So, in addition to this being one hell of a fun film, Teeth is a blistering social commentary. It’s as pointed and ferocious as There Will Be Blood (and there’s plenty of blood in this film, too) or any other great, socially conscious work. And it’s so smart. Obviously, religion is a big target of criticism. Young people have been brainwashed. America is such a puritanical, neurotic, bible-thumping, scary place right now. Well, when people are pushed too far, there are repercussions. Repercussions with teeth. The religious aspect is not the main issue, but it leads into the bigger picture of sexuality in America. We are SO repressed. Violence? Totally fine! But people flip out about sex. There is rarely a healthy depiction of sex in the media. It’s either shown as evil, deviant, and over-the-top (Dawn’s step-brother), or it’s just totally ignored and forbidden (Dawn). When people ignore something fundamental to human nature, that’s dangerous territory. Sex shouldn’t be something to be feared. There’s a way to inform people without making them all want to become nymphomaniacs. It’s either one extreme or the other. For instance, in Dawn’s school, the health book has a sticker over the picture of the vagina. Dawn has no idea what a vagina looks like. She’s too terrified to even examine her own body. It’s absolutely sinful to even consider it. At first, she thinks the teeth could be normal, because she has no idea what normal is. No one ever bothered to tell her.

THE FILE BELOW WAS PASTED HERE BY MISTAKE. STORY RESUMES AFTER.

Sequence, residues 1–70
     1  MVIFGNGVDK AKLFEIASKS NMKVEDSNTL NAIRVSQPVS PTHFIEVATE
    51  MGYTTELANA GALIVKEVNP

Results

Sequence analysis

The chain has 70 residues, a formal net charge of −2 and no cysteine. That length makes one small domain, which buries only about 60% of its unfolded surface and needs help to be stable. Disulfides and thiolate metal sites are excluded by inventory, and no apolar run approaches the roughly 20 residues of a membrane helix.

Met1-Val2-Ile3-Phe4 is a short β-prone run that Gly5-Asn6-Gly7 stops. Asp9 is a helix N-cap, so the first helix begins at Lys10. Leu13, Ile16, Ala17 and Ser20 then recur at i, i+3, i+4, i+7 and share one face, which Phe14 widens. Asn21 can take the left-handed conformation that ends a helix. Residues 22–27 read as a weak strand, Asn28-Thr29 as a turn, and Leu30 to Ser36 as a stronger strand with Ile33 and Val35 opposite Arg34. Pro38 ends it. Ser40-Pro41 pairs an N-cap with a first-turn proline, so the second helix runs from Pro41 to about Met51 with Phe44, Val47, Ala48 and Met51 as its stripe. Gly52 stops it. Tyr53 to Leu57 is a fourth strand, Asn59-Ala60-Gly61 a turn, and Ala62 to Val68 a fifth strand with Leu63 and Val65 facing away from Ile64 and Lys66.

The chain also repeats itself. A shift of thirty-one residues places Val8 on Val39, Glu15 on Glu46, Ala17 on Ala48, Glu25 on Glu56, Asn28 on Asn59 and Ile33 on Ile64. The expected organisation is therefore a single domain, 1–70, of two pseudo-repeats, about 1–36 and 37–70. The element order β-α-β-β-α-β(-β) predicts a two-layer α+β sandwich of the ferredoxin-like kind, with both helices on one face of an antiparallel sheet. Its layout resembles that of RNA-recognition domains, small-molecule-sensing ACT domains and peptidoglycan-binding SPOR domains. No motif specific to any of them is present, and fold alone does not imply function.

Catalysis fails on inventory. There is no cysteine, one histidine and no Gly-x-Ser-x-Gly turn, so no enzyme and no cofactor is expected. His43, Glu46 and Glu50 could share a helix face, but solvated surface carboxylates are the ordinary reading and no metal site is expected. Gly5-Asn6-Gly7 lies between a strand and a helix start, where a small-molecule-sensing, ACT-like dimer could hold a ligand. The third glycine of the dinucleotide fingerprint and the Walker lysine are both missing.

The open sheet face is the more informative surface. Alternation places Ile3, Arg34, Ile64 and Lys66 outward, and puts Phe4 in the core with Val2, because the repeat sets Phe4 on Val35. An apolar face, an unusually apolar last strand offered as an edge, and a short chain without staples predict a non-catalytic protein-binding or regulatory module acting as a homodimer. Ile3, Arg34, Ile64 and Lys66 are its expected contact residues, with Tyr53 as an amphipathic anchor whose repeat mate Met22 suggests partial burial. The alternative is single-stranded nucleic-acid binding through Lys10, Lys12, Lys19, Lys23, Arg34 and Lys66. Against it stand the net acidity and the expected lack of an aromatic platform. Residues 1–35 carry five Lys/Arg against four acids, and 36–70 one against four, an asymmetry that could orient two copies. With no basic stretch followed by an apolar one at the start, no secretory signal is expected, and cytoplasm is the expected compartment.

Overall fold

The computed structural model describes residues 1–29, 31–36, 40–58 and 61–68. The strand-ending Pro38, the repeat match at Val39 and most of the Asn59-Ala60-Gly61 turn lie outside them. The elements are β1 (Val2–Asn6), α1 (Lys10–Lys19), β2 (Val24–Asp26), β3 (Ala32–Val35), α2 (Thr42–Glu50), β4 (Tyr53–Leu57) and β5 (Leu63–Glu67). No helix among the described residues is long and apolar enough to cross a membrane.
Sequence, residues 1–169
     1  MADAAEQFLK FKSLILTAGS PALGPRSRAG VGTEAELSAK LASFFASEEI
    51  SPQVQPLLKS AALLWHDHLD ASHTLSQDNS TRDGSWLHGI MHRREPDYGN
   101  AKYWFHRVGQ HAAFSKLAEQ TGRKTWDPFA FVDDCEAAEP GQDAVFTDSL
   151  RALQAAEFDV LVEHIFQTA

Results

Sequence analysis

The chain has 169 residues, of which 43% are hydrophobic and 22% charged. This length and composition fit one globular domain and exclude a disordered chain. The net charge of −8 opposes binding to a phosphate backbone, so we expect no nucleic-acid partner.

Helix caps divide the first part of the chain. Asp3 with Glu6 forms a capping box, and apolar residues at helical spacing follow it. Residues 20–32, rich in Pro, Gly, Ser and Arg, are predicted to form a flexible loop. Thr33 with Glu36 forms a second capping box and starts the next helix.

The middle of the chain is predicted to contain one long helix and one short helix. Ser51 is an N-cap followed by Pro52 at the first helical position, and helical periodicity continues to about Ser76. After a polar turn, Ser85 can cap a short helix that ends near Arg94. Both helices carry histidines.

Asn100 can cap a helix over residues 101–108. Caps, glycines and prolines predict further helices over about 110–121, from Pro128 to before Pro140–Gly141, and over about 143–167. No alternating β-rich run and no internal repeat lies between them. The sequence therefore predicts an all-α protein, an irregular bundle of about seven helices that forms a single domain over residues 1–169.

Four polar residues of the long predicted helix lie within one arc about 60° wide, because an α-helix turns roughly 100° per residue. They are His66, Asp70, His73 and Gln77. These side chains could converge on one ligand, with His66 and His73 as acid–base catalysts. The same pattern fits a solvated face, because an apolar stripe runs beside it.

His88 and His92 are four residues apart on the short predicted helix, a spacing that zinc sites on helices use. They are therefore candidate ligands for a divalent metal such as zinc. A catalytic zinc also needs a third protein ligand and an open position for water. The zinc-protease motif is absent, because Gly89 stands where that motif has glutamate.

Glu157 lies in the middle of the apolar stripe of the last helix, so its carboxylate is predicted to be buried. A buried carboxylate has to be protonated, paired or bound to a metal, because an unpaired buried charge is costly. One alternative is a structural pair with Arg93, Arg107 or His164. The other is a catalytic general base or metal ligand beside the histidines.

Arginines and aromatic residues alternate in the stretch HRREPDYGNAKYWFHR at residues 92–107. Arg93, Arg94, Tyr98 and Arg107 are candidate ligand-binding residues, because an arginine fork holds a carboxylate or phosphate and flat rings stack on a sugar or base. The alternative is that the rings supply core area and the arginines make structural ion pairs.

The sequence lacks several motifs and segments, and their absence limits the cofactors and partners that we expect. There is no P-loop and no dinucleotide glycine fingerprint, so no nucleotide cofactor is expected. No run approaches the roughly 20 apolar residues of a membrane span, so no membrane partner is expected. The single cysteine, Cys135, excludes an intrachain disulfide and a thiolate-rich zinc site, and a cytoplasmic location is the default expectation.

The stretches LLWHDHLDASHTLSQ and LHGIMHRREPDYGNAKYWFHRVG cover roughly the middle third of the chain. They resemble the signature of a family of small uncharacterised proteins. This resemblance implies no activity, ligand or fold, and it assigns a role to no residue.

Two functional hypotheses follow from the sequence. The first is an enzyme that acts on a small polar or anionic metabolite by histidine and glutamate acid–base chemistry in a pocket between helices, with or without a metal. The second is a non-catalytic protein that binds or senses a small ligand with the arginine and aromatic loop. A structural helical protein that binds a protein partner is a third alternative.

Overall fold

The treatment and representation (more accurately, the MIStreatment and MISrepresentation) of women are the film’s main issues, but Teeth doesn’t stop there. Even though it would have been more than enough to just deal with feminism, there’s plenty extra to chew on in Lichtenstein’s commentary. That’s why he’s such a genius. He goes above and beyond and attacks the social super-structure, both connected to and independent from the feminist angle. Clearly, he believes America is in need of change, on all levels, and he’s right. Throughout the film, two nuclear towers are seen looming ominously behind Dawn’s house. They’re like sentries presiding over the whole town. This isn’t subtle, and it shouldn’t be. None of the film is subtle, and that’s completely intentional. The vagina dentata is presumably a result of the radiation from those towers, a mutation. I absolutely love the use of the towers. Basically, Lichtenstein is attacking America’s warped, corrupted, mutated ideals, morals, and sexual repression. Like I said, this film mainly deals with America’s fear of sexuality, but it attacks all aspects of American society. The towers also represent big business and capitalism. Teeth definitely criticizes our way of life, what we have devolved to in America, and our loss of values and perspective. It’s searing, powerful, and completely effective.